SLO County supervisors vote for sales tax initiative
July 13, 2016
Despite opposition from San Luis Obispo County supervisors Debbie Arnold and Lynn Compton, a countywide transportation tax is heading full speed ahead toward the November ballot. The proposed ballot measure calls for a half-cent sales tax to fund transportation projects and reduce traffic congestion. [Tribune]
The proposed tax would last nine years and raise approximately $25 million annually. Of the funds raised, 55 percent is supposed to go to local agencies for transportation projects, 25 percent is supposed to be used to reduce traffic on major roadways and highways and 20 percent is supposed to be spent on countywide transportation projects, including improvements to bike and pedestrian paths.
Two thirds of county voters would have to support the tax initiative in order for it to pass.
On Tuesday, the SLO County Board of Supervisors voted 3-2 to approve the text of the ballot measure. Supervisors Bruce Gibson, Adam Hill and Frank Mecham voted in favor of putting the tax measure on the ballot, while Arnold and Compton cast the dissenting votes.
Arnold and Compton said they do not want to burden county residents with any more taxes. Compton said the transportation tax would be regressive and hurt poor people more than the rich because everyone pays sales tax. Compton also said the tax would create a transportation slush fund.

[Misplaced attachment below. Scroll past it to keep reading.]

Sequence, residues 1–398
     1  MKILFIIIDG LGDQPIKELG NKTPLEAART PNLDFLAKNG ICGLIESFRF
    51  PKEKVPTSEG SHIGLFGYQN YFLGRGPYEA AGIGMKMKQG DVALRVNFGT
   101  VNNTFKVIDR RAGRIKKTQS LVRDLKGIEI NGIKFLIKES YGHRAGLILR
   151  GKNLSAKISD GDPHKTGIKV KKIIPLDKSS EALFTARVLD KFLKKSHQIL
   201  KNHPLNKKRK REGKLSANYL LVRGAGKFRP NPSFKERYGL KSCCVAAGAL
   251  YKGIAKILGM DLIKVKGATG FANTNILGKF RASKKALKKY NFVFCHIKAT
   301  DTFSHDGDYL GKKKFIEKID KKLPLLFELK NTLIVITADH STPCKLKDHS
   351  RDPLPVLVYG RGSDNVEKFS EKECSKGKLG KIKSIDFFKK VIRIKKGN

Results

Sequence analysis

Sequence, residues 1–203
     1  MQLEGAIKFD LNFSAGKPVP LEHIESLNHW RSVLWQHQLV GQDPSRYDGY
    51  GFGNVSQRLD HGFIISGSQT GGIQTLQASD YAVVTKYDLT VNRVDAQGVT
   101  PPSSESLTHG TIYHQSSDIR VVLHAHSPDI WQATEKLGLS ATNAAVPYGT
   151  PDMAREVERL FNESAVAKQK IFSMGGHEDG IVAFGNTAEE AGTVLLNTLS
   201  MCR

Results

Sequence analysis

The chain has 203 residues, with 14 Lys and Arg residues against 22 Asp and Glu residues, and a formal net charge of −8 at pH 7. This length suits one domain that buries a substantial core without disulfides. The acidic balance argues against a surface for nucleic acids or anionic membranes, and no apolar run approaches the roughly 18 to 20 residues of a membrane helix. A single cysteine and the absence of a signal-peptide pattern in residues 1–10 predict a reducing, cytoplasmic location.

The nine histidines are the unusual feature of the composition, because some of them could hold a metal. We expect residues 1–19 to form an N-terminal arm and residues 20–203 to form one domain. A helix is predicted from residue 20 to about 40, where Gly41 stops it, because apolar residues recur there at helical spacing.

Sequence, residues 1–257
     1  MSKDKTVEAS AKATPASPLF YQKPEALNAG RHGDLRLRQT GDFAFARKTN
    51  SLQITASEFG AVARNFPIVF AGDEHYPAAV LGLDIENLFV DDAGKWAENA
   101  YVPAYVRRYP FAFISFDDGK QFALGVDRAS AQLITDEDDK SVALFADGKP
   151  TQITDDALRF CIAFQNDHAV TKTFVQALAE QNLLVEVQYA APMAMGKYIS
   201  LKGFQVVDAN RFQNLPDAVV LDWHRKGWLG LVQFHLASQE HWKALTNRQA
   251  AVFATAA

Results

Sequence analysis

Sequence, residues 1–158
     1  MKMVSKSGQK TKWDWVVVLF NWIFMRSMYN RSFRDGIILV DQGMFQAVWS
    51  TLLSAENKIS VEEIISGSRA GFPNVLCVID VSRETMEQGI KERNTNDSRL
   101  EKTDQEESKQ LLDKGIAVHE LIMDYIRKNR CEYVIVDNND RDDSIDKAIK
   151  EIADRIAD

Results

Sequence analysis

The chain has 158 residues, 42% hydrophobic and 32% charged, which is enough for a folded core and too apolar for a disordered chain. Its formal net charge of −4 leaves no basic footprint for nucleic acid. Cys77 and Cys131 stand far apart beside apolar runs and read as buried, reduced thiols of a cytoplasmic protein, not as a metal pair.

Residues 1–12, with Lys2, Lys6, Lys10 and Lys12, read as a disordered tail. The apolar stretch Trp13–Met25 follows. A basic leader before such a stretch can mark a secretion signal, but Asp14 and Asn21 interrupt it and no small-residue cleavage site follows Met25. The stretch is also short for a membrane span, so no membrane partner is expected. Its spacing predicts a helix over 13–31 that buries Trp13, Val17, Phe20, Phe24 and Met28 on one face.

Mecham said he would not deny anyone the vote on the initiative and that county voters are being given the opportunity to make a choice.
More than a dozen people spoke about the tax initiative during public comment, mostly in opposition to the ballot measure. Opponents said Sacramento has mismanaged transportation funding. Some speakers called the tax a scam, a ponzi scheme and blackmail by Sacramento.
Supporters of the tax who spoke during public comment included a representative of a county bicycling group, who said she appreciates tax money would go toward bike and pedestrian trails.
Proponents of the tax have said state and federal transportation funding has decreased significantly in recent years. San Luis Obispo Council of Governments officials say the agency is at a fiscal cliff because of low gas prices and the increasing popularity of fuel-efficient cars.
All seven city councils in the county have already approved the tax initiative. The proposed ballot measure will appear before SLOCOG on Wednesday and return to the board of supervisors for final approval next week.
If voters approve the ballot measure, the sales tax rate would increase to 8 percent in unincorporated areas of the county and 8.5 percent in the cities.